The U.S. State Department learned a costly lesson recently: They can't buy friends. And next time they should hire competent help for their online campaigns.
The Bureau of International Information Programs — that’s the State Department’s foreign communications service — spent $630,000 to enhance its social media presence through ads and better pages. But a blistering report by the department's inspector general says it bungled the project.
At first look, the bureau's initiative shows the two-year spending push propelled the bureau's English-language Facebook pages from 100,000 “likes” to more than 2 million. (Its foreign-language pages also reached 450,000 likes.)
Look again and see the most liked pages suffered from a measly 2% engagement rate, with few posts appearing on users’ news feeds.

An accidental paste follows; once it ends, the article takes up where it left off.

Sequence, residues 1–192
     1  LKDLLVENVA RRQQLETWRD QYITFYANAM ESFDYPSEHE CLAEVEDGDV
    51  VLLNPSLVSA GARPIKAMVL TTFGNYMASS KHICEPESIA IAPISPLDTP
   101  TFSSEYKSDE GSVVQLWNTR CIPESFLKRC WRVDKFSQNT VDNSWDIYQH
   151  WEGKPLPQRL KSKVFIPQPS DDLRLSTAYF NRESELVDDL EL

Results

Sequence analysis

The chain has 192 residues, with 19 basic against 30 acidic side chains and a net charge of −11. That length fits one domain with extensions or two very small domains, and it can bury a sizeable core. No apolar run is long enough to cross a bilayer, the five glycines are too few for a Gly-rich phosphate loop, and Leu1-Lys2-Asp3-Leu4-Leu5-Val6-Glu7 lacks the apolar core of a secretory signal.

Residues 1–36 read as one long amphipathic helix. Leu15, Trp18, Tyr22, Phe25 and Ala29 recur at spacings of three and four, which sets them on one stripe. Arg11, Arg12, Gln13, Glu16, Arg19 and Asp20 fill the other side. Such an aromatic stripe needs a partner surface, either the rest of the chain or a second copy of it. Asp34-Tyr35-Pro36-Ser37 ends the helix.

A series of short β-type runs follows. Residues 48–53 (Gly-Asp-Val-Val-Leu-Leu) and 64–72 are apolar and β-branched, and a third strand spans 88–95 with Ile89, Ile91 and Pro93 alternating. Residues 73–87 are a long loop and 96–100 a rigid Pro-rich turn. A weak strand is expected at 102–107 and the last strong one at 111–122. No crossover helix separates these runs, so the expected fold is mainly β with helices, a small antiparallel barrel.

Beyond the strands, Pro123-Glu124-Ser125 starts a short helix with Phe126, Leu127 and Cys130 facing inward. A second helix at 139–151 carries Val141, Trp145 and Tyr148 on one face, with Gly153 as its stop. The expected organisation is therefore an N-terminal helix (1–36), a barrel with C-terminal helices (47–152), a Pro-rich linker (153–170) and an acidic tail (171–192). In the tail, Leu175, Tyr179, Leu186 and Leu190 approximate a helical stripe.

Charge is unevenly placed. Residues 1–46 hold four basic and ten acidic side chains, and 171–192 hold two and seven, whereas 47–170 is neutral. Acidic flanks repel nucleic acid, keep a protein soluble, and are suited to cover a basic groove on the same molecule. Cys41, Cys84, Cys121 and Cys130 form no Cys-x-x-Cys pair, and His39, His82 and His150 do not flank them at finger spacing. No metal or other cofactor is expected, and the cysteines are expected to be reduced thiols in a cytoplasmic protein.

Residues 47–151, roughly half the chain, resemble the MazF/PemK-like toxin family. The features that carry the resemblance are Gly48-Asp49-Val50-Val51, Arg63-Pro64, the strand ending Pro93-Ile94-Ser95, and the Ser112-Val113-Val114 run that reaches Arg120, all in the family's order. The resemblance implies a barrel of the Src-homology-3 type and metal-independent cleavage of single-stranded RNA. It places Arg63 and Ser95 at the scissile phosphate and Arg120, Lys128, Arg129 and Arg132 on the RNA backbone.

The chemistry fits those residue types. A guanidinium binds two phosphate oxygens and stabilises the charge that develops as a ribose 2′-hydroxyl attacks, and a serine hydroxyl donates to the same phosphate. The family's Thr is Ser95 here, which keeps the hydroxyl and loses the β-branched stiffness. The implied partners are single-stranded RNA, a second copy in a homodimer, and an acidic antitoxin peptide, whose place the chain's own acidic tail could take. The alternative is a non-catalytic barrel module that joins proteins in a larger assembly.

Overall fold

Investigators said the ad campaigns “bought fans” who may have clicked on an ad or “liked” a photo but who had no real interest and never engaged further. Even fewer fans were from the target audience of older, influential people.
The report chided the bureau for having overlapping (and sometimes competing) social media accounts, an internal atmosphere of “secrecy, suspicion and uncertainty” and poor leadership. Just what social media was designed to overcome. We hope the department learns its lesson.
Is your social media in competent hands?
Read the original article here: http://goo.gl/1rA0YU